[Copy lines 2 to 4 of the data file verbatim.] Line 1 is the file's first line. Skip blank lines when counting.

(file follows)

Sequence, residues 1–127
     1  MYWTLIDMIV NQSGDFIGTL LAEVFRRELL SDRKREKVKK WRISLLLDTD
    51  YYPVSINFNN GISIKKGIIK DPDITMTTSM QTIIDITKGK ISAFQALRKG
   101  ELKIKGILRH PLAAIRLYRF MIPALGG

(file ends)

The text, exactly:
     1  MYWTLIDMIV NQSGDFIGTL LAEVFRRELL SDRKREKVKK WRISLLLDTD
    51  YYPVSINFNN GISIKKGIIK DPDITMTTSM QTIIDITKGK ISAFQALRKG
   101  ELKIKGILRH PLAAIRLYRF MIPALGG